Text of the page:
A group of researchers at the Fisheries and Marine Institute (MI) believe the ocean is of fundamental importance to Canada and the world.
Drs. Noel Cadigan, Paul Winger and Jonathan Fisher are part of the newly created Ocean Frontier Institute (OFI). They will be the principal researchers on projects related to stock assessment, ecosystem assessment and sustainable fishing gear.
Ocean sector leaders
“We’re really looking forward to being part of the Ocean Frontier Institute and building on the research that MI has been focused on for decades,” said Dr. Cadigan. “We’ll be working to produce data that addresses knowledge gaps around successful and sustainable use of marine resources and train highly qualified personnel who will eventually become leaders in oceans sectors.”
Dalhousie University, the University of Prince Edward Island and Memorial are coming together in an historic partnership to form the Ocean Frontier Institute, each bringing their individual strengths in science relating to atmosphere-ocean interaction, ecosystems, fisheries, aquaculture and social science to the table.
Filling the gaps
Drs. Cadigan and Fisher are research scientists with MI’s Centre for Fisheries Ecosystems Research (CFER), which has been focused on better understanding fish stocks and the productivity of Newfoundland and Labrador’s marine ecosystem through fisheries research since 2010.
Adoption of old fishing practices and technologies will not be acceptable for today’s consumer‐driven market.”
As part of the OFI, they will develop and improve state-of-the-art stock assessment models for sustainable harvest advice. They’ll also explore ecosystem assessment models for Northwest Atlantic fisheries production under climate change and create an industry research chair in fish stock assessment and sustainable harvest advice.
“Our research will expand Canada’s excellence in sustainable capture fisheries research by increasing our awareness of cold-water marine population dynamics and fisheries management,” Dr. Fisher said.
Dr. Winger is the director of the institute’s Centre for Sustainable Aquatic Resources (CSAR). His research team will focus on the development of sustainable harvesting technology for a rapidly changing ocean.
With warming ocean waters, species not presently harvested are presenting new and emerging opportunities for the fishing industry. Species such as redfish, Atlantic cod and silver hake are rapidly increasing in abundance in some areas.
Many of these species declined in the 1980s and 1990s; they were subsequently placed under moratorium. There is an urgent need for new fishing technology to responsibly harvest these species, says Dr. Winger.
“Sustainable fisheries require harvesting technology and practices that are ecologically responsible. Adoption of old fishing practices and technologies will not be acceptable for today’s consumer‐driven market.”
Working with industry, government and international collaborators, Dr. Winger and his team will go to sea on board research and industry vessels to conduct comparative fishing experiments to evaluate the performance of innovative fishing systems.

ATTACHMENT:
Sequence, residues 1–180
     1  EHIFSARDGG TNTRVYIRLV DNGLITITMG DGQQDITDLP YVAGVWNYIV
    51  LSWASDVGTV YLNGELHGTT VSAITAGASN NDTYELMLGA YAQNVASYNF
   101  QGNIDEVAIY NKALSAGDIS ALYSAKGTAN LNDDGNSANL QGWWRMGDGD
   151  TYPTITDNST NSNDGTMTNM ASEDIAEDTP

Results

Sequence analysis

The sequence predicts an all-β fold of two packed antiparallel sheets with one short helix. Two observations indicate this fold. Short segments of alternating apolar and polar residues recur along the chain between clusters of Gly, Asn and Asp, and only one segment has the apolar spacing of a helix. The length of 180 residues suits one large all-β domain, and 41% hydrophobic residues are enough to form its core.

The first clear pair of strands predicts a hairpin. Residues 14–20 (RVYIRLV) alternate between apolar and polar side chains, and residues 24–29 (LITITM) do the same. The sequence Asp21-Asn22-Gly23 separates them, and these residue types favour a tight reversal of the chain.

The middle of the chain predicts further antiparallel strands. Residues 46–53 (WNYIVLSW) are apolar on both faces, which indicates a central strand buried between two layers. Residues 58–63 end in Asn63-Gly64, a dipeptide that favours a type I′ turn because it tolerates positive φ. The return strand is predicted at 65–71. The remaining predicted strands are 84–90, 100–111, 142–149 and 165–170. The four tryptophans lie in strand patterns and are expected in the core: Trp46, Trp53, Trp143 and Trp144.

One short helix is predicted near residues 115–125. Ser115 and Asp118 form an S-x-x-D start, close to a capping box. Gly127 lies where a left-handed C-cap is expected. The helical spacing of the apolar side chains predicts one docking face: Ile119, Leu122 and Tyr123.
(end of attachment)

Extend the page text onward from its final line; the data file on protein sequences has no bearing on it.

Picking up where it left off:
The team is also focused on the recruitment and development of the next generation of fisheries scientists.
“MI’s School of Fisheries has been mentoring graduate students from all over the world for many years and this focus will rapidly expand our work in this area,” said Dr. Fisher. “Through the OFI, the team will engage approximately 50 PhDs, master’s and post-doctoral fellows under the leadership of our team of research scientists.”
“The students will be the foundation of the program and will lead the world in fisheries science breakthroughs.”
The goal is to produce world-class researchers with advanced skills in fisheries science and technology, increasing the capacity to develop and maintain sustainable fisheries and improve decision-making abilities to address the challenges of our changing oceans.
“The students will be the foundation of the program and will lead the world in fisheries science breakthroughs,” said Dr. Cadigan.
The three will work in collaboration with scientists in Canada, the U.S. and Europe to improve stock assessment models, expand knowledge of population dynamics and develop sustainable harvesting technology in the context of rapidly changing oceans.
“We’re very pleased to be part of the OFI and look forward to building upon MI’s proven track record of working in partnership with the fisheries and aquaculture sectors in this province, across the country and around the world,” said Dr. Winger.
The Ocean Frontier Institute (OFI) is an historic partnership between Dalhousie University, Memorial University of Newfoundland and the University of Prince Edward Island. Created through a nearly $100-million federal investment, the OFI will focus on solutions for safe and sustainable ocean development. Through its unique partnership with its research partners, Memorial will lead breakthroughs in four key areas: sustainable fisheries; sustainable aquaculture; marine safety; and ocean data and technology. Learn more about the OFI here.